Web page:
- Many restaurants and retailers have been directly impacted by the coronavirus pandemic.
- The federal government has passed legislation designed to support individuals and businesses while attempting to stimulate the economy.
- Determine what steps you can take to protect your business during this potential disruption.
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Who could have imagined our world would be turned upside down so quickly by COVID-19? We’ve seen the effects of the pandemic on restaurants and retail businesses, both large and small. The government is trying to move quickly to help these businesses, and it is important for businesses to be aware of the various programs available.
Phases of legislation introduced
The government’s initial response was to pass the Families First Coronavirus Response Act (FFCRA). This legislation provides benefits to employees related to sick leave and additional family and medical leave. While the FFCRA provides a tremendous benefit to employees, the economic strain to employers was recognized: the legislation also comes with a tax credit for employers that covers the cost of wages and health insurance coverage related to qualified employees requiring time away from work. This credit would be reflected on the employer’s quarterly payroll tax return against the employer’s portion of payroll taxes. Additionally, this credit is refundable if it exceeds the employer’s portion of payroll tax due.
The government’s second step was to pass the Coronavirus Aid, Relief, and Economic Security (CARES) Act, which was signed into law March 27 and provides approximately $2 trillion in overall stimulus. The CARES Act provides many levels of assistance, which include:
- Sending stimulus payments directly to taxpayers via checks or direct deposits based on income levels, filing status, and number of dependents. The government has indicated these checks should be issued as quickly as possible, allowing individuals to use these dollars to stimulate their local economies.
- Providing individuals additional unemployment benefits of up to $600 each week for a period of four months. The retail and hospitality industries have been forced to lay off much of their workforces as closures and reduced services were mandated. Although many states implemented emergency unemployment, allowing benefits to be available immediately and without impact to the employer, these federal benefits may potentially help many who are suddenly without income.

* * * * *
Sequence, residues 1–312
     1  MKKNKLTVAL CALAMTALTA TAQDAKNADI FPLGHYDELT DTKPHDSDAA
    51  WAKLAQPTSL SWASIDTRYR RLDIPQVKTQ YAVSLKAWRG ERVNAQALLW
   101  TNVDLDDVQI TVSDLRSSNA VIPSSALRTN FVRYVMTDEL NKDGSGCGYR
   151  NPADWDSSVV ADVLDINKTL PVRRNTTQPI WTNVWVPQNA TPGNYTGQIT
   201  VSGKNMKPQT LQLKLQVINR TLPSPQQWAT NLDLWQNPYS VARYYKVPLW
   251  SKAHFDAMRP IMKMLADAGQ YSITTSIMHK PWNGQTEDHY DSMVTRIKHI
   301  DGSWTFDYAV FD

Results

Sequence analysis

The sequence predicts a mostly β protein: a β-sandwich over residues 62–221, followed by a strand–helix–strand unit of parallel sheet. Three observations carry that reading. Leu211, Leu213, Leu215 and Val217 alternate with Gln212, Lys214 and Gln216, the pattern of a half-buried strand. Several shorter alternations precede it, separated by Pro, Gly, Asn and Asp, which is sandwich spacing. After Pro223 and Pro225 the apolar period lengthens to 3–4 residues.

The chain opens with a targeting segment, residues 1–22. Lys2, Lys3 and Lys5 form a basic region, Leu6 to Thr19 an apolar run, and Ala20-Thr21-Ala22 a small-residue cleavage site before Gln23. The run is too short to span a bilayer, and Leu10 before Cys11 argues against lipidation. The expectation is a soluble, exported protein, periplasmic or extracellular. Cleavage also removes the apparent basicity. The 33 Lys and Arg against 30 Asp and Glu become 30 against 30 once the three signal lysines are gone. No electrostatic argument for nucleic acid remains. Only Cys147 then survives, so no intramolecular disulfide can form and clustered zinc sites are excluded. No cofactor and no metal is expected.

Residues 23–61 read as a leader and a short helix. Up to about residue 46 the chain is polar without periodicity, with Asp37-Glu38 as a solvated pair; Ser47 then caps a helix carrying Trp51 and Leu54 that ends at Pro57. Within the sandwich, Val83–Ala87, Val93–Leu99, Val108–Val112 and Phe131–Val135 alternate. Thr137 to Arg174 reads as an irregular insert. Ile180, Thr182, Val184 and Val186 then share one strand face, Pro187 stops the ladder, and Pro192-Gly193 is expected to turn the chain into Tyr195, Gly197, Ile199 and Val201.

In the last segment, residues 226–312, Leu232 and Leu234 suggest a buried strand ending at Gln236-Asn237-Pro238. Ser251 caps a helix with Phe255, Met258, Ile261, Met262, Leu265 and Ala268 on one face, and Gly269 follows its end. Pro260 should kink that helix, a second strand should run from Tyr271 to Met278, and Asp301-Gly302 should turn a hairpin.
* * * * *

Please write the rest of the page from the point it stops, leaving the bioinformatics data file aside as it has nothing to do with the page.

- Allowing the Small Business Administration (SBA) the ability to secure loans of $350 billion to assist small businesses. This portion of the legislation, referred to as the Paycheck Protection Program, provides eight weeks of cash flow to businesses with fewer than 500 employees. The program provides a maximum loan of $10 million with a maximum interest rate of 4%. If employers maintain payroll, these loans will be forgiven. In addition to the SBA, many states offer these loans as well. Check with your CLA advisor to see if your state has a program available to you. (For example, Illinois and Wisconsin are offering low-interest loans as well as grant programs for qualified businesses.)
- Creating a $10 billion program for small businesses that applied for an Emergency Injury Disaster Loan (EIDL). All small businesses impacted by COVID-19 are encouraged to apply for this loan to aid in working capital needs.
Steps you can take
As many businesses are forced to make the difficult decision to temporarily close, please consider the following:
- Check your insurance policy or contact your insurance provider to confirm whether your policy covers business interruptions related to COVID-19.
- Reach out to your bank to begin communications before loan payments become difficult or impossible; some banks are offering 90-day deferrals.
- Call your landlord to discuss discounted or suspended payment agreements.
- Watch the mail for notices from your state unemployment agency, since many of these agencies are processing claims as quickly as possible to assist unemployed individuals (however, they often require correspondence from the employer).
- Temporarily suspend all services that are not essential, which includes cable, garbage, delivery services, etc.
Additionally, be sure to visit your local association websites for restaurants, taverns, grocers, and retail merchants. These associations are fighting for benefits and are providing up-to-date information as well.
How we can help
During these uncertain and ever-changing times, our goal is to keep our clients informed as we become aware of new information, while providing smart strategies and insights to respond and prepare. Visit our COVID-19 Resource Center for more details and updates related to COVID-19. In the meantime, stay safe and healthy and please reach out to your CLA team with any questions.Contact Us